Madelyne stares at the ceiling of her bedroom, finding dragons and monsters and princesses in the cracks and water stains. She would sleep, but she can still hear her father moving around downstairs, the clink and clack of him working away in his lab.
Ultimately, curiosity outweighs her better judgment. She needs to know what’s going on. Maddie slides out of bed and tiptoes across the floor, clutching her tattered teddy bear close to her chest.
Downstairs, her father’s too-bright lights are bouncing off the gleaming floors and walls of his special room. Maddie suspects her father will be angry with her for walking around when she’s supposed to be asleep— and for disturbing his work— so she tries to be extra-quiet. She edges around the corner of the wall and peeks into the other room.
Maddie has to bite her lip to keep from gasping aloud. There’s a boy in there. There’s a boy lying on the table in her father’s special room, and he has thick bandages wrapped around his eyes. Maddie knows that sometimes her father volunteers at the orphanage down the road, but he’s never brought one of the other children back home. This boy must be special.
Maddie waits and watches as her father draws blood from the still, sleeping boy. Even unconscious, the boy looks… sad. He doesn’t have soft pajamas like her. He doesn’t have a teddy bear like her. Maddie finds herself wanting to make him more comfortable; it’s no fun getting poked and prodded with medical instruments by her father. She should know.
Finally, Maddie can’t just watch anymore. She has to do something. While her father’s back is turned, Madelyne dashes across the floor and finds herself right up close to the boy. She watches, fascinated, as his thin chest rises and falls. And she hears, suddenly, that the boy is making a noise.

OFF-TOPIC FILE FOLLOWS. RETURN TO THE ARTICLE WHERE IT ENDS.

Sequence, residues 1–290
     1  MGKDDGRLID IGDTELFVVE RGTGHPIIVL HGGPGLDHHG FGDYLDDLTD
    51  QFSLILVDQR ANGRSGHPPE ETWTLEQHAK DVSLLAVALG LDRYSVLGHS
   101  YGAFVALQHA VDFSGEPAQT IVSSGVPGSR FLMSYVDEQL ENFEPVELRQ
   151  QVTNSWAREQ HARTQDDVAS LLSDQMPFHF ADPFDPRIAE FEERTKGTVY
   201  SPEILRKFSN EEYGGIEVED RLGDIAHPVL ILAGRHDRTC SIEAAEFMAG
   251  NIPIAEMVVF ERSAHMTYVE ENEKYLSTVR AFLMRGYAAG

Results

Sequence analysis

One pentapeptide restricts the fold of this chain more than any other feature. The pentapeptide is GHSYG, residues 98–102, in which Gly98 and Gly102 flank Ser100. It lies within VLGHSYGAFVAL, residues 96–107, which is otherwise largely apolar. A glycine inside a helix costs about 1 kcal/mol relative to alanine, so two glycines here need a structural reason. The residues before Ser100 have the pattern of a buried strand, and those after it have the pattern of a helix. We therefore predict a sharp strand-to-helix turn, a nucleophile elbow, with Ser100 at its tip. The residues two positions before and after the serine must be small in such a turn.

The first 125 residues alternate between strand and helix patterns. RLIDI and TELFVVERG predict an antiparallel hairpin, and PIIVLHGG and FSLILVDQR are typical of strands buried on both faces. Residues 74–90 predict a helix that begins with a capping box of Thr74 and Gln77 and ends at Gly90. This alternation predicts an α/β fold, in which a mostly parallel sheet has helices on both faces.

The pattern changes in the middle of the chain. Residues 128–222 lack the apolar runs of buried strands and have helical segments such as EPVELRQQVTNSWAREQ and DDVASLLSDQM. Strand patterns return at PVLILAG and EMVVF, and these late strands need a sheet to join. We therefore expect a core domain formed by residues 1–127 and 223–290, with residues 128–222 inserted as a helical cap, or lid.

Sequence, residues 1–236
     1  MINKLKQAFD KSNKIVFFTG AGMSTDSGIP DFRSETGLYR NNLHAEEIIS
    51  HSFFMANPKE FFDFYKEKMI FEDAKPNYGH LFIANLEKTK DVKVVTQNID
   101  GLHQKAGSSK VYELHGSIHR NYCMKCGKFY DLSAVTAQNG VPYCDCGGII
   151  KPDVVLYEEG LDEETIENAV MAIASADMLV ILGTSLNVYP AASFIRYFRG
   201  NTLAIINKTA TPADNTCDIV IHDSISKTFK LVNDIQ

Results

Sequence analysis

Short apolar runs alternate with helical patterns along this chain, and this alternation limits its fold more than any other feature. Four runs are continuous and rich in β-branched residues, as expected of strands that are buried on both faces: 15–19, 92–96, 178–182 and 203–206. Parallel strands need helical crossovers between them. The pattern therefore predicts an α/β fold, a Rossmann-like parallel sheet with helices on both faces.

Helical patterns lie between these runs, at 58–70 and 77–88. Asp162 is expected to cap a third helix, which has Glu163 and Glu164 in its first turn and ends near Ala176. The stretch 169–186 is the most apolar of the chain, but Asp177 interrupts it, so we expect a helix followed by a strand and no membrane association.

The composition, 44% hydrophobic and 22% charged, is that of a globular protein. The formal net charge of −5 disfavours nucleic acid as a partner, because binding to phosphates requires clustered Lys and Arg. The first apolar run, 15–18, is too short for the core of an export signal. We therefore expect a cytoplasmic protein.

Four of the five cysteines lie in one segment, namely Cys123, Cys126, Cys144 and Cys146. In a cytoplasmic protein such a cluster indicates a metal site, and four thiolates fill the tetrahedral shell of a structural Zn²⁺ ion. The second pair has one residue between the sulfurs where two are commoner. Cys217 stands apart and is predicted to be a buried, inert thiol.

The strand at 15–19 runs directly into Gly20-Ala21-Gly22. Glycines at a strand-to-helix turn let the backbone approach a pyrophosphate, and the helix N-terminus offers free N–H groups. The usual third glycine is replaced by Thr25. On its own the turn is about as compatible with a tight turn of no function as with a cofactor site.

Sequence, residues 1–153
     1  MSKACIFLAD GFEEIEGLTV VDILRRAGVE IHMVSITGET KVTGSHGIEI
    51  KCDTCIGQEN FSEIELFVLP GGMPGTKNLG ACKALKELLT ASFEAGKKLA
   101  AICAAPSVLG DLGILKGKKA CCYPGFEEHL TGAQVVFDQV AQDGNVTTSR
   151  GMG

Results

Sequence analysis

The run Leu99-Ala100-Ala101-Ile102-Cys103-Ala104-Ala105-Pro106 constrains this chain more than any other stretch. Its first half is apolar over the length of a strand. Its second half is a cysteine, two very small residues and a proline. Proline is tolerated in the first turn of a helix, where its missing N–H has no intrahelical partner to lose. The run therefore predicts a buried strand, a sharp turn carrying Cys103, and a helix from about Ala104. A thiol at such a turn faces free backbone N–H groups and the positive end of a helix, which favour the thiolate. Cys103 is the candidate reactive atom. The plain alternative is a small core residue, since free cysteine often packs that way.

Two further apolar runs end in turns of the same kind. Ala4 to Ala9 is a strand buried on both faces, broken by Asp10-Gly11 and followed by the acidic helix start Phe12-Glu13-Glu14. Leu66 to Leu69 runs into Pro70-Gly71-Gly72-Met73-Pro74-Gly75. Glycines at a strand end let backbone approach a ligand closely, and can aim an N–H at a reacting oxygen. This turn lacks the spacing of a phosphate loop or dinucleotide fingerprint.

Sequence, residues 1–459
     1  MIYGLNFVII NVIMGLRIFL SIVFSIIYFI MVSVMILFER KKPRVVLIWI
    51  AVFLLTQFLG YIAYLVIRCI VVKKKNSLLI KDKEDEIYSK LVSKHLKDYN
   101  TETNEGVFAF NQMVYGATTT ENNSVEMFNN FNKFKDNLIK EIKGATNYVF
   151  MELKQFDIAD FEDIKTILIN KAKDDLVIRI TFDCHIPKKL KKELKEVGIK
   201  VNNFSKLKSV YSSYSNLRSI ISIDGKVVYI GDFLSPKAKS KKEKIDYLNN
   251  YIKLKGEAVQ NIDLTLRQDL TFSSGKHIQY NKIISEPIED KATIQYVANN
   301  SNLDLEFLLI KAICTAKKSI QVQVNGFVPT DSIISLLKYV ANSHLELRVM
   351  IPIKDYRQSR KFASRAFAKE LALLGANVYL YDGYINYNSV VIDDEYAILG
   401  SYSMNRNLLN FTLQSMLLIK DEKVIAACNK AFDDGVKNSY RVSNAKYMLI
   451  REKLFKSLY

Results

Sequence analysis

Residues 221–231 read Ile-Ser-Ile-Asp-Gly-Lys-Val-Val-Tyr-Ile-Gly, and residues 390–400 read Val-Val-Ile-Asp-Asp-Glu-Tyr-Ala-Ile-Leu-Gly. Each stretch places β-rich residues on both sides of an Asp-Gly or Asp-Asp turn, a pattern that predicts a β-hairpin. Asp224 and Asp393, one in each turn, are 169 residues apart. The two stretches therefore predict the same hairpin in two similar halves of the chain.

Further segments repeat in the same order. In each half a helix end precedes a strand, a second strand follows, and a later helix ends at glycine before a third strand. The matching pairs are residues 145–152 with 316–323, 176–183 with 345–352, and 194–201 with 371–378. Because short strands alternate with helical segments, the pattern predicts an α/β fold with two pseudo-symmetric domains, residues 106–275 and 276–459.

Whimpering, almost, like he’s having a bad dream.
His left hand jumps, spasms, and she grabs it. Maddie holds the boy’s hand and watches as his breathing gets slower and deeper, as his sleep becomes more restful. He stops making the noises.
And that’s when Maddie feels eyes on the back of her head.
“Just what are you doing out of bed, Madelyne?” her father demands, his voice icy and refined as always.
“I just… just wanted to see what you were doing,” she says, face turning red as she turns to face him. “Who is he?”
“The boy? He’s no one,” her father assures her. “Go on back to bed, my dear.”
“Why are his eyes taped up?” Maddie asks, turning to look back at the boy. His mouth rests in a thin line. Maddie wonders what he would look like with those bandages off his face.
“He was in a plane crash. He hurt his head,” her father says. “I’m making him better.”
Maddie keeps looking at the boy. It doesn’t seem fair that she gets to sleep upstairs in a warm bed with blankets and jammies and a teddy bear while this boy sleeps downstairs on a cold, hard table.
“Do you think he would maybe want to sleep with Paws tonight?” Maddie asks, holding her bear up. “Just for tonight.”
“Go to bed, Madelyne.”
“I’m leaving Paws,” Maddie says, tucking the teddy bear into the crook of the boy’s arm. Maybe she’s imagining it, but it looks like the boy reacts, curling his arm around Paws. “Okay, goodnight.”
“Go to sleep,” her father says sternly, watching her until she rounds the corner.
The next morning, Maddie wakes up with Paws back in bed with her. She doesn’t remember getting up the night before. She has no memory of the sleeping boy.